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Amazon ships more than a million packages daily, but there’s at least one person in a million who frowns when she encounters a smiling box placed on her doorstep.

A Canadian woman, Anca Nitu, told CBC that over the past two months, more than 50 packages have arrived at her home. Each package contained a return slip and a pair of shoes from an Amazon buyer located in North America who wrongly shipped their rejected shoes to Nitu’s address.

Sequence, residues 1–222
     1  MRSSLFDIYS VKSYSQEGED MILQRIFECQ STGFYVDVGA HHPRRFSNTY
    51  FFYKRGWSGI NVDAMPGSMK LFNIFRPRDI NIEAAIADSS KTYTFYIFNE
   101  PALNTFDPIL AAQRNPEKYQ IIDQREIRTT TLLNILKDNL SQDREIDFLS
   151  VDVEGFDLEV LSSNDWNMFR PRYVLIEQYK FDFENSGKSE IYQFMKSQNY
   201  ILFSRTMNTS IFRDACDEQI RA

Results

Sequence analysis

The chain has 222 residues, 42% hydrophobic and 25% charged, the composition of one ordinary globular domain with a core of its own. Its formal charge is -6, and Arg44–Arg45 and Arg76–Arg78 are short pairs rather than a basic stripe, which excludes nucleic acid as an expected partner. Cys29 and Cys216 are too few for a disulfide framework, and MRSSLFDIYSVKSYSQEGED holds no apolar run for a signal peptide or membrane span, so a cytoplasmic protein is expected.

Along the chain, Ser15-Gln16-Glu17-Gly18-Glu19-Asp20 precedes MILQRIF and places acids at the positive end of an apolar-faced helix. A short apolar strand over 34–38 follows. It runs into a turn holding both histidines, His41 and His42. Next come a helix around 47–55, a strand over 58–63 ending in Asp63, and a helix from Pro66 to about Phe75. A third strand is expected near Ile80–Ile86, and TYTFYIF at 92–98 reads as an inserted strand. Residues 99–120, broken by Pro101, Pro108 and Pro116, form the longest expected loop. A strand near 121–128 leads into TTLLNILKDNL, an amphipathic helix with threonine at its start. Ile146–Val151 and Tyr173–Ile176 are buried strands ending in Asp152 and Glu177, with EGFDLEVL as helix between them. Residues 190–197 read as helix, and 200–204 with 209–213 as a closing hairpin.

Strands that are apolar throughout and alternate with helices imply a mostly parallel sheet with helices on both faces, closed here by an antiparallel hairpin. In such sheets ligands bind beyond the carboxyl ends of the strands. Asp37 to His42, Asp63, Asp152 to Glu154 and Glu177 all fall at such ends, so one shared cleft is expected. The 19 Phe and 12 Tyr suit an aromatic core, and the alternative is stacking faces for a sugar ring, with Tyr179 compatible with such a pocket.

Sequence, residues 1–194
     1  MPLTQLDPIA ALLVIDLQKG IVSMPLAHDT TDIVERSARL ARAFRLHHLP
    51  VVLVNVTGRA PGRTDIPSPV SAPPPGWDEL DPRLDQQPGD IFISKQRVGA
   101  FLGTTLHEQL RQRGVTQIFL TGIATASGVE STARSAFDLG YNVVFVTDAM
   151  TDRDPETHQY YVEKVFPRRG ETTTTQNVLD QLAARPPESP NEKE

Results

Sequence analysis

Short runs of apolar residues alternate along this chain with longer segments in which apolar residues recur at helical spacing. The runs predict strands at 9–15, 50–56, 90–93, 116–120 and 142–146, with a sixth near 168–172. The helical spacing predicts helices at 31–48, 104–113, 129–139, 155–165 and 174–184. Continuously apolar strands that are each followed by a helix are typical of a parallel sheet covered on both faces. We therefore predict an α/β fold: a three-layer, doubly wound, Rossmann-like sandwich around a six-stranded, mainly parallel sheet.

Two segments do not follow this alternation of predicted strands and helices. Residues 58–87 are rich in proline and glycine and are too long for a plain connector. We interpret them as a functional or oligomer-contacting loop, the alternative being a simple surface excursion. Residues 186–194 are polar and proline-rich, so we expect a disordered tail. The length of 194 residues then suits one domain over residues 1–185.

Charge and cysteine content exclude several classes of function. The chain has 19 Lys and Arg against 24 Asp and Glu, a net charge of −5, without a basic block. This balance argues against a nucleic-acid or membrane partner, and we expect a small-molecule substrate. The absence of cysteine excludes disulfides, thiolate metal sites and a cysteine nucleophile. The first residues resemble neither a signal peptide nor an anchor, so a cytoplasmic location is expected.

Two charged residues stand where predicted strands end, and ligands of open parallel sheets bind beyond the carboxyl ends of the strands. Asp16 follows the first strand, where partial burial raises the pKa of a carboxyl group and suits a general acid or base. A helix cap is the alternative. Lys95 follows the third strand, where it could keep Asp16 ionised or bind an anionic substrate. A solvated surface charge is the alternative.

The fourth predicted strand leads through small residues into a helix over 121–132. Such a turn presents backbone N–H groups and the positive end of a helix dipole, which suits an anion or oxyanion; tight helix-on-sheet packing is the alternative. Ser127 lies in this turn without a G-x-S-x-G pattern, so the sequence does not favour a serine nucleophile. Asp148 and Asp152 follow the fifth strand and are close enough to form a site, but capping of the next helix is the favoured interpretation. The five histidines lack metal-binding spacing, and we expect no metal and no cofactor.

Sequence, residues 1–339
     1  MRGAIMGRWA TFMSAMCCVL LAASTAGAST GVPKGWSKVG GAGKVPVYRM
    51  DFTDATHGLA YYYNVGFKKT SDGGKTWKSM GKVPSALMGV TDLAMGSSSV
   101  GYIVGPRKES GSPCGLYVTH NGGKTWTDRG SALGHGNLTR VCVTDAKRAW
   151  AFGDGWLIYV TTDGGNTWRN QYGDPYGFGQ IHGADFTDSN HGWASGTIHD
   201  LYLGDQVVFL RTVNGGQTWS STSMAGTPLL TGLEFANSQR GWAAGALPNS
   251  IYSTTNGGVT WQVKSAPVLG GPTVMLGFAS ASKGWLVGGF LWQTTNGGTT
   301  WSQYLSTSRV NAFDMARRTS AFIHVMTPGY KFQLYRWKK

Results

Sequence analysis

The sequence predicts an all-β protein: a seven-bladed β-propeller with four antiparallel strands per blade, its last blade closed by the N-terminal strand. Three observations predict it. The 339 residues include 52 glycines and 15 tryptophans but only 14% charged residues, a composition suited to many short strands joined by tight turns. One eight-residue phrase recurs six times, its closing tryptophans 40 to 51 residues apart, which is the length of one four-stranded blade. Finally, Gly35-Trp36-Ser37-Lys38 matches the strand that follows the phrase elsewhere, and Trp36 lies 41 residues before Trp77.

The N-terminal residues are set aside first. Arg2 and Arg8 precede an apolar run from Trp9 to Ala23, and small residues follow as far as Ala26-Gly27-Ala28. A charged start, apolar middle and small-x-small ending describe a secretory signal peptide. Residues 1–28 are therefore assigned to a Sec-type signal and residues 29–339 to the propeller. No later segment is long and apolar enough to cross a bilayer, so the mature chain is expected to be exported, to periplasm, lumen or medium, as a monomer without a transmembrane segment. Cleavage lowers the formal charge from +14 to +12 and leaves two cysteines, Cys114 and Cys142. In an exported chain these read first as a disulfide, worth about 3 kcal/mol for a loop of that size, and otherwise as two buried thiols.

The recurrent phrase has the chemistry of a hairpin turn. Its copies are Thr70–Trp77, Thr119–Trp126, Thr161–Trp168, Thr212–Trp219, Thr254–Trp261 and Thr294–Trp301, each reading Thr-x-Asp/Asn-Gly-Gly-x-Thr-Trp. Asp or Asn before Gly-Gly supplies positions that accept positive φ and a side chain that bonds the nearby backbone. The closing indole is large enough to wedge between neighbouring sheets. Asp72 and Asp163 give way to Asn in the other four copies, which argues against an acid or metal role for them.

Nitu thinks she knows what’s happening. She believes that Amazon sellers stole her information from a dormant Amazon account and are using her name and home address as an easy way to get rid of unwanted return items that sellers either cannot afford to store or do not wish to store. The Better Business Bureau (BBB) told CBC that it sounded like a vendor-return scheme that’s common in the US but rarer in Canada, where foreign sellers dodge fees associated with storing and shipping return items by sending the items anywhere but their own addresses.

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